Get email delivery of the Cadence blog featured here
I like to ask questions, because you learn a lot that way. In fact, I did a survey earlier this year and learned that high-level synthesis users’ experiences are exceeding the non-users’ expectations, and that HLS is being used for a wider variety of design types than even I knew. Recently I asked one of my favorite questions, and got an answer I truly didn’t expect.
My favorite question to ask new HLS users: “What made you decide to use HLS?”
The answer is usually one of the big three:
And for good reason. Productivity is the most well-understood and most cited advantage of HLS, but it isn’t the only one. And maybe it is not even the most valuable one, as this user’s answer highlighted.
I got an answer that I don’t hear often: functional correctness. As you can imagine, this piqued my curiosity, so more questions ensued. I’ll spare you the whole conversation, so let me summarize.
Their previous project just taped out… late. The problem was that they found a functional flaw just before the originally scheduled tapeout. (Luckily, I might add. Finding a problem after the tapeout would have been much worse!) The testing exposed a flaw in a corner case, with the RTL diverging from the specification in a significant way.
Which, in the end, is what steered them towards HLS. They had a C model for at least part of the sub-system to help with the specification work. But then spec was “thrown over the wall” to the design team, who then designed the RTL from scratch.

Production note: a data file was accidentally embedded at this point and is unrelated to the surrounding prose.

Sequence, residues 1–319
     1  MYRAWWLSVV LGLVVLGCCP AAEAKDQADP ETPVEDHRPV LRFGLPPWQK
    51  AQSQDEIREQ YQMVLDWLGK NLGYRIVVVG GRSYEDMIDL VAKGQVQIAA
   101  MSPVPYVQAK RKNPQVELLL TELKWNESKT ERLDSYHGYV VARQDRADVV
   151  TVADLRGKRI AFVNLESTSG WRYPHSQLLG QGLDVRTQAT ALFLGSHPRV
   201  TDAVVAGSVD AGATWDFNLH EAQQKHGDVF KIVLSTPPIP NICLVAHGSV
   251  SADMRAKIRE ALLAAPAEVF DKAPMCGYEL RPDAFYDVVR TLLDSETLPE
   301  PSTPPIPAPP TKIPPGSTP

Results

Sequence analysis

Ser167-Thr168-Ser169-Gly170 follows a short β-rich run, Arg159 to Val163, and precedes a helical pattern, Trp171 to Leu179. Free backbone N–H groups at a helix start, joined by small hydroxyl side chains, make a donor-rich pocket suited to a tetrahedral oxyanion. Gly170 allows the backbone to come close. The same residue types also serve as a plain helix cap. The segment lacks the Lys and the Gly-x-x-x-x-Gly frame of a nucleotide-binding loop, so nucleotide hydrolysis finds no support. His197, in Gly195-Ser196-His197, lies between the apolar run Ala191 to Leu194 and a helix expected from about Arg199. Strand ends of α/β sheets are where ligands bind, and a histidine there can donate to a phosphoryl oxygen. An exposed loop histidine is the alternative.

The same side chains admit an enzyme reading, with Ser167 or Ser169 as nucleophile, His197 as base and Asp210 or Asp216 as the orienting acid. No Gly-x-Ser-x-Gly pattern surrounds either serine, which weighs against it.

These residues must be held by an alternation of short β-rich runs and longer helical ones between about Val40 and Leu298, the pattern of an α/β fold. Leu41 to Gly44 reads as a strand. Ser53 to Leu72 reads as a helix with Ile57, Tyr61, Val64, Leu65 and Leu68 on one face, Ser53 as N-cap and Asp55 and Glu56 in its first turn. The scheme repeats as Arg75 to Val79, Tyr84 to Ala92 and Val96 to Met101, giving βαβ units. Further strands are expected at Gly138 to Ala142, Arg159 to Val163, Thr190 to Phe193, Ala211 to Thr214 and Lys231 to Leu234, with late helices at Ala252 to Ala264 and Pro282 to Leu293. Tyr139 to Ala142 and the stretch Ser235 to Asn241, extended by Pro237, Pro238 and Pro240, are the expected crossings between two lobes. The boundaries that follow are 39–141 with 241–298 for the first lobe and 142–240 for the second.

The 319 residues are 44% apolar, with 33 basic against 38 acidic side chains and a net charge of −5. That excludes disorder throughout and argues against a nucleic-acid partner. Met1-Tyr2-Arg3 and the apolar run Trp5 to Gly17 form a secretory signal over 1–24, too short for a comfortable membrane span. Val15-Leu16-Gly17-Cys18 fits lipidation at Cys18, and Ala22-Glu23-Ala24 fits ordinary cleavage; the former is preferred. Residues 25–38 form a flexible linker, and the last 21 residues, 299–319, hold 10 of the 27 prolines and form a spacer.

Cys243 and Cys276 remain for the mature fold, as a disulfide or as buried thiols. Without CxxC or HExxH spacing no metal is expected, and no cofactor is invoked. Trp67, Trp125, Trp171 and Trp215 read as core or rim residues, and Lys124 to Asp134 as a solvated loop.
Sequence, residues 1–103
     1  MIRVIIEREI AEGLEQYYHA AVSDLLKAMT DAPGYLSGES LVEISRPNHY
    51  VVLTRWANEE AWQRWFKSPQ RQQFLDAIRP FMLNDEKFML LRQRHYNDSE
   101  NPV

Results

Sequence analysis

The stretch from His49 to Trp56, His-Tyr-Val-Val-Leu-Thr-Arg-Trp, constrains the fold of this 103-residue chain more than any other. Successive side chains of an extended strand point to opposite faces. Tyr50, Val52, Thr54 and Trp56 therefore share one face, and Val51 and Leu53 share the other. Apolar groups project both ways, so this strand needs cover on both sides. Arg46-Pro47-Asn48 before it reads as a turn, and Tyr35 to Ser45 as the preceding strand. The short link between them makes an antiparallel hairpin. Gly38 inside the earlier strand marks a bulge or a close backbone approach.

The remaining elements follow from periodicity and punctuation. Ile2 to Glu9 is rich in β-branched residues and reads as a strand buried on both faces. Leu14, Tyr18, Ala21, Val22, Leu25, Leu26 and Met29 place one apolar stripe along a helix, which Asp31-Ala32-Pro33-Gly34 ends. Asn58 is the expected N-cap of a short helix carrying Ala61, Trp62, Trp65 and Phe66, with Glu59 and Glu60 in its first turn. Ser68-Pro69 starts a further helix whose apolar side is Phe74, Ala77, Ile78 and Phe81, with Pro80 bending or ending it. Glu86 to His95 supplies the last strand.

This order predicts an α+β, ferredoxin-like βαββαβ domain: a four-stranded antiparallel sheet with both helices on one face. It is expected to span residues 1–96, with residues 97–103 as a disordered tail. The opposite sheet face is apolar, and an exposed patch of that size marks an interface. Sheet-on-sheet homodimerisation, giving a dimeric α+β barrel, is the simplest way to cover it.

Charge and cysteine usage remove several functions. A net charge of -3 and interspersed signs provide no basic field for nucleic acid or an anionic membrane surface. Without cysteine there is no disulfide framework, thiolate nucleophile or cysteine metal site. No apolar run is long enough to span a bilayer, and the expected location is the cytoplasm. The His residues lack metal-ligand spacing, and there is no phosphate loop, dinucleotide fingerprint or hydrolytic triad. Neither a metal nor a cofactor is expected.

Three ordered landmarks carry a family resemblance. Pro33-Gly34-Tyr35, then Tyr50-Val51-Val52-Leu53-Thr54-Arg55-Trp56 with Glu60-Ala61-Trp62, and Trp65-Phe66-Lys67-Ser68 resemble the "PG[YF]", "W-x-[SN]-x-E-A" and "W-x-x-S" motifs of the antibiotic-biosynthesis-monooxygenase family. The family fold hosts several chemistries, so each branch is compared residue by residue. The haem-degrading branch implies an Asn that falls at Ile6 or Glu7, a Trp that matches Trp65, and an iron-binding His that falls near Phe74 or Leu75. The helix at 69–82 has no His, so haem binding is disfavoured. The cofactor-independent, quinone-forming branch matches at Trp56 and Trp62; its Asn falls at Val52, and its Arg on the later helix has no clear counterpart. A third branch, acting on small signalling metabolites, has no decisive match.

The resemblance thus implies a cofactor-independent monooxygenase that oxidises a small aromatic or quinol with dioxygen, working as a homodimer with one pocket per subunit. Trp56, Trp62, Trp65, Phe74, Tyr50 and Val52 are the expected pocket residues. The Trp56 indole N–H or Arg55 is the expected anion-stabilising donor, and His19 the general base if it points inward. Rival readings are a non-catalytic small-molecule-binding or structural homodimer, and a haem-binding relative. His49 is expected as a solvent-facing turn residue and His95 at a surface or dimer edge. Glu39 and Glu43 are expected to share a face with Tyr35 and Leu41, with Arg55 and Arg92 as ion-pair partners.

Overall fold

Had they used HLS, they would have caught the issue much earlier, probably by testing the C model. Even if the corner case was only detectable in RTL (I do not know the exact nature of the corner case), the RTL would have been available much sooner, and the bug would have been much easier to fix. It would have been a trivial fix in the C code, I’m told, but it was a nightmare to figure out how to make a minimal change in the RTL.
To be clear, they did make the change, and they did tape out. But it was late and costly. So now they are using HLS to avoid a similar situation in the future.
If you are not currently an HLS user, you may wonder “how does HLS help verification?” or even “what is the verification flow with HLS?” (In fact, email me to let me know your questions!) I’ll explain that in this a future blog, but suffice it to say that the forgotten benefit of HLS, functional correctness, caused this team to join the ranks of HLS users.
Now I’m looking forward to the next answer I get to my most common question!
Speaking of looking forward… like much of the world, the Pursley household is anxiously awaiting the Justice League and especially Star Wars: The Last Jedi movies. Ahead of those, we did see Thor: Ragnarok, and our teenage movie critic gave it 8 out of 10 stars. Personally, I believe it was worthy of 9 stars, but I defer to his expertise.
What do you find, or expect, to be the biggest advantage of HLS in your flow? Let me know by dropping me an email.
Information about Stratus, Cadence's HLS tool, are on the Stratus Product Page.